Gentlemen, I know anchors are a hot topic right up there with politics and religion, but please keep civil.
One thing I don't understand and Paulo maybe you can help me. You said that you didn't understand why Mantus performed tests on their anchor since they are an "interested" party. I'm unclear as to whether you have a problem with them testing the anchor or the methods that they used. If it's the fact that they tested it, I'm really confused because why wouldn't any manufacture test their own product and continue to test to make sure that it behaves as it should? Otherwise, there'd be a heck of a lot of disbanded QA departments. If it's the location with that particular bottom that is the problem, I would hope that Mantus has done other tests in other circumstances and that this is but one of them. Since the Mantus posts says "we continue to test" than I'm going to assume they do.
I just want to be clear on your argument against it. Thanks!
Sorry, I am a bit full of this anchor war thing, with manufacturers that make unsubstantiated claims and I did only saw your request for clarification now. All this thread is a sign of it, with its title, implying that Mantus is a "next generation" anchor and not a new generation anchor with performances comparable with the other new generation anchors, but so far better that we should be talking about a "next" generation anchor.
Of course all serious manufacturers test their anchors against the best anchors on the market as part of their development process but they don't make their results public and wait for independent testers, on sail magazines, to do independent testing. Any public testing sponsored by an anchor brand should be looked as suspicious since they are an interested party.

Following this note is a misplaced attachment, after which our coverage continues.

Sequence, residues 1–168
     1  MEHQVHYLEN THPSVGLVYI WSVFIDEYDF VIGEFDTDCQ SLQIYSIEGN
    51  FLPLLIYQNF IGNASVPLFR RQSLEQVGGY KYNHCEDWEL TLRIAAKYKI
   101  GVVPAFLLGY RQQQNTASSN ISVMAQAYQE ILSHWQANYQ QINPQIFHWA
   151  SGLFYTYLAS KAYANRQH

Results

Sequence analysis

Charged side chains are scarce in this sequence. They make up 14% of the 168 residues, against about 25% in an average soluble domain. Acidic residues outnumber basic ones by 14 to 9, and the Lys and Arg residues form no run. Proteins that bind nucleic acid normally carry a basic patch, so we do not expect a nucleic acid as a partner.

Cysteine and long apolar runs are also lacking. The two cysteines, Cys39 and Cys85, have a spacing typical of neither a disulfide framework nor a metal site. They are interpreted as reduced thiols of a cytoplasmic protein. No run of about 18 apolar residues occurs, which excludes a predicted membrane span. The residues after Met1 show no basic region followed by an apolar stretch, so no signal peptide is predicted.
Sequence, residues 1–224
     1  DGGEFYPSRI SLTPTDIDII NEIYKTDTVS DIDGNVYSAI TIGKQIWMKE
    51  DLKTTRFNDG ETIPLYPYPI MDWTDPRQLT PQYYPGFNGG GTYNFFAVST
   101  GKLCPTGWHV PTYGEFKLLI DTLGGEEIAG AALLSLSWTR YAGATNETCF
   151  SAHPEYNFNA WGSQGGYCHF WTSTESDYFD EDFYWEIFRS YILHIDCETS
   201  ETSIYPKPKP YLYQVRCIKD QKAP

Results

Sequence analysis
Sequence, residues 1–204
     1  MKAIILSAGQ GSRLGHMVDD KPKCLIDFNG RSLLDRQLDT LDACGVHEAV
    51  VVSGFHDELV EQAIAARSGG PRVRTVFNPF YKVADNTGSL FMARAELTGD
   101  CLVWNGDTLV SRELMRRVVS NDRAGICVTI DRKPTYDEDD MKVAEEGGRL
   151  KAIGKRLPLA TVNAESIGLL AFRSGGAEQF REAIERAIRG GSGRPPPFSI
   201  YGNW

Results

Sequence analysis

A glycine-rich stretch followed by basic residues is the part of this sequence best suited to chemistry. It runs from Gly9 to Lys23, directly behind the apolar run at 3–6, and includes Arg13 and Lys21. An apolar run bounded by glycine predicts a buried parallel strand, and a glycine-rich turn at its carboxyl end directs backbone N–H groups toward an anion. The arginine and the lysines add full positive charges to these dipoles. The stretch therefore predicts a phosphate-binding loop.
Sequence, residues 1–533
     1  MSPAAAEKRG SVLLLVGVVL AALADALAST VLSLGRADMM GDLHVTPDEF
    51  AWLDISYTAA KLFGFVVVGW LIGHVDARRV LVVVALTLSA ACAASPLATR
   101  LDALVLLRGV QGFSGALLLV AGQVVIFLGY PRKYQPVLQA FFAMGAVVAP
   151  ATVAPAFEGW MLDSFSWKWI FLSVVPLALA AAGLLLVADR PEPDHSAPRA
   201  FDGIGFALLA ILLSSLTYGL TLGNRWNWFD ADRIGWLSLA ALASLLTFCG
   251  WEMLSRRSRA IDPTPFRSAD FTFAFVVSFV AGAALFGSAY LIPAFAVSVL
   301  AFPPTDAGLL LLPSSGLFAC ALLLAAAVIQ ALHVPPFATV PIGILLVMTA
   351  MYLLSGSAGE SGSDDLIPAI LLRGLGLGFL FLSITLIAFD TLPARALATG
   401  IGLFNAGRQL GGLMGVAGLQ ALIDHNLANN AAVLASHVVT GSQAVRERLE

I said that serious brands should test their anchors as part of the development process with the best anchors on the market and even regarding that I found the test posted rather odd because they did not include the two best anchors on the market, the ones that had performed better in all serious tests, the Steel Spade and the Steel Rocna. They tested an aluminium Spade that has no comparison in what regards a Steel Spade particularly in what regards setting on hard ground and that's just the only type of ground the anchors where tested, a particularly bad bottom.
Besides I have to say that all this is really naive, as if the setting of a given anchor on a hard and difficult bottom was the ultimate test for the best anchor. of course, I want an anchor that sets well, and many do that, including the Mantus, the Rocna, the Spade, the Delta, the Kobra, the Mansom among others. What really matters to me is after being stetted in a decent bottom (mud or sand) is the holding power. If I am protected from the waves can I hold on and stay there safely with a 40k wind? 50K? That's were the anchors that I mentioned have very different performances, being by far the best the Spade and the Rocna.
I want to know that I will have plenty of advise before dragging and that I will only drag well after most of the other boat on anchorage start to drag
The other point as important as the holding power (assuming a good setting) is how the anchor reacts against a complete change in wind direction and again the Rocna and the Spade comes out among the best.
Regarding these points, that are fundamental and are tested in any serious anchor test, regarding several bottoms, nothing was said on that test and notwithstanding it is presented as a definitive proof that the Mantus is a better anchor than any other
Let me just add that I anchor over a hundred times a year, sometimes waiting strong winds to go away, and I know by know what I should look at on an anchor regarding its performance and setting well is just a point and one that is done properly by many different brands of anchors